The Bucket Dredger

The Bucket Dredger

Jul 14, 2014 | Urban

The Bucket Dredger

An impressive machine

Argex

Argex grains are made of Boom clay which is reclaimed from the back clay pit by means of a bucket dredger. Every day, conveyor belts bring approximately 1,000 tons of clay to the plant for further processing. The clay is kneaded and ground, and according to the desired grain calibre, compressed into small bars. Next, these clay bars are baked in a 84 m long rotary kiln at a temperature of 1100° C and expand into little round balls: 1,700 m³ of grains a day. With its production capacity of about 500,000 m³ Argex NV has the largest kiln to produce expanded clay grains in Europe.

Lightweight aggregate has been used in construction since Roman times, valued for its combination of low weight and high strength. The variability of natural lightweight aggregate remained a challenge for almost 2,000 years until the advent of industrial production processes.

Argex started the production of expanded clay in the early 1950s. Today, expanded clay is a well-established lightweight aggregate suitable for a wide range of applications. It has proven to be a durable and safe material able to withstand different climates all over the world: from the Mediterranean to Scandinavia and the US to the far East. The expanded clay industry is a sustainable industry. It is resource efficient and contributes to a competitive low carbon economy. The industry is committed to continuously reducing the impact of production and developing the properties and applications of the material to improve its sustainability.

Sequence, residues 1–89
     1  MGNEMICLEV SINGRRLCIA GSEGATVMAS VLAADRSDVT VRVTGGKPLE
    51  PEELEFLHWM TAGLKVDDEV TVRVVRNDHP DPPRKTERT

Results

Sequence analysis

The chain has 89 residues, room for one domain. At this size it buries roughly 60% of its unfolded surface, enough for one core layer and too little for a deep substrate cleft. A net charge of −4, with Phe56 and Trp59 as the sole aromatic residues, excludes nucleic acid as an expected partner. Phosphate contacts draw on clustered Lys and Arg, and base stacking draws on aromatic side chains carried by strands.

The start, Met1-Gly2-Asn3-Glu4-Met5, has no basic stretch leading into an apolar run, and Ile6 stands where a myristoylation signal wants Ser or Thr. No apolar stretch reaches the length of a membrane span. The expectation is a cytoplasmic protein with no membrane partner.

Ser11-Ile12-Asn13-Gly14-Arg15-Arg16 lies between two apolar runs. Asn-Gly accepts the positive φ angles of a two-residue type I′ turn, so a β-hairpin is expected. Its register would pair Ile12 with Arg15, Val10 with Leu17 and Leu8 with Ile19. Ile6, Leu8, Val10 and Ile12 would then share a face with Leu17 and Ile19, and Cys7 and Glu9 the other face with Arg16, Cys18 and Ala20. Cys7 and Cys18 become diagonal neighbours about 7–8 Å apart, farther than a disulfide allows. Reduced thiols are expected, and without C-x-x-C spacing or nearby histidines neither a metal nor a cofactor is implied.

Continue to Argex NV

June 2014

The weather was pretty nice and warm, so I decided to hit the road with my bike again. This time I wanted to explore this gigantic Argex dragline machine just 20 minutes from home standing bulky near a clay pit in Kruibeke. A massively deep pit with water at the bottom, pretty dangerous if you would fall down the edge. I’m smart enough to know what I’m doing and so I keep myself steady while walking near the edge. Climbing this machine was easy and at the top of its nose the view was marvellous and I stayed there for at least half an hour to admire the scenery around me.

© HIN-urbex

» Written by Alan who goes under the name of twin-rhino | Published on July 14, 2014

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